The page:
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An Invisible Woman

Father helps me understand what I should feel, why I should feel it, and why my actual feelings are crazy. When I burst into tears because I can't bear the #gaslighting anymore, he's there with a warm embrace. A chuckle. A plan to rebuild me in his image.


He gives me the chisel and sets me to work.


Criticism and humiliation provide hazy directions. I chip off a piece, but it's not correct. It's never correct. The vision changes often, without warning. But I keep trying. This time. THIS TIME. T-H-I-S-T-I-M-E, he'll approve. I turn myself upside down, flip myself inside out. I stretch, bend, twist, contort, warp. Until I realise, the problem isn't my technique. It's the inferior materials.


I am the problem. Far too flawed and defective.


Brother agrees with me. I am a failure and a troublemaker. In our teenage years, he hits me to prove it's true. I tell mom, but she tells me 'you must have misunderstood what happened.' He chases me with a knife, promising to kill me, but I say nothing. No one will believe me, anyway. Brother is a good person. It's really only me he hates. He nearly kills me in a moment of anger, right next to mom, but her eyes go glassy like they always do.


'He didn't mean it.'

The truth is seared into every cell in my body: brother's needs are more important than my safety. I truly am nothing.


After chipping away for so long, there isn't much to see anymore. I'm 21 and invisible. And yet I contort what's left, wringing and stretching, watch it disintegrate while brother and father demand I sacrifice more. I never see them but their voices echo in my head. Brother phones to call me a bitch and explain that I'm irresponsible and selfish. Another part of me breaks off. I weep in the bathroom, the receiver pressed to my ear, and blubber an apology. I agree. I beg him to love me. Telling him all I've ever wanted is for us to be closer.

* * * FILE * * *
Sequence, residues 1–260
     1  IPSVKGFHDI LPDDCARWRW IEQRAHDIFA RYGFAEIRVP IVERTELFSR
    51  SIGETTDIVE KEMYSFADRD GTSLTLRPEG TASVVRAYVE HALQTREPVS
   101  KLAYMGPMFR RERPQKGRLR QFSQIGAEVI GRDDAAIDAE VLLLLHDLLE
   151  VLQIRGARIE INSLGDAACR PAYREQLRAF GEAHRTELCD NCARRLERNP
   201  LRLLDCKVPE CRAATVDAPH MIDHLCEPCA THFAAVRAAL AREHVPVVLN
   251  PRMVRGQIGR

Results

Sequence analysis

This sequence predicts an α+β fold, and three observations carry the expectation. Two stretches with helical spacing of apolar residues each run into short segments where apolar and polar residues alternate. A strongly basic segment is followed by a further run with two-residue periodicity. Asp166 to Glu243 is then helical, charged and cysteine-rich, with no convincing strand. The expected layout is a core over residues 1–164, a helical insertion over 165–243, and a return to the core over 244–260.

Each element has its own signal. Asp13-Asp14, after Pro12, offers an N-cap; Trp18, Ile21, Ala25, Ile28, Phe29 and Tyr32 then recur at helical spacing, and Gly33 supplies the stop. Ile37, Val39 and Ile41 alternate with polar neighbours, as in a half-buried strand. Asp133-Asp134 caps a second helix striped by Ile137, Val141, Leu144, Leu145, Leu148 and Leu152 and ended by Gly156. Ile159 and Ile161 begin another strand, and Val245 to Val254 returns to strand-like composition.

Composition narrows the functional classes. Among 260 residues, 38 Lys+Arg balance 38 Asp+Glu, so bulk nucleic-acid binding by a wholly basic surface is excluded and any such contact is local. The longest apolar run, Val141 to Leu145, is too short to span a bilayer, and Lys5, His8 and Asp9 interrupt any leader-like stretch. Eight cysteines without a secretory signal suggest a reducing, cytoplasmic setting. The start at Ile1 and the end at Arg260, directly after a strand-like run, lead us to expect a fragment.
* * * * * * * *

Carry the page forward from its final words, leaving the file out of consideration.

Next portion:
Because he's so kind to everyone else. Generous with his time and support. Easy to like. Easy to trust. A pillar of the community. Hardworking. Never angry or malicious. Just like father.


My limbs go numb writing this down. It still has an impact. Twenty years later.




The goal is to reclaim all those pieces of myself. Every last one. Soul-retrieval*. An invisible woman no longer, I take responsibility for my healing. No more self-sacrifice. Firm boundaries. I am worthy of self-love and deserve happiness.


*Soul-retrieval: a shamanic practitioner enters the spirit world to retrieve soul pieces for others. Every piece is well cared for in the spirit world and only awaits to be called home.



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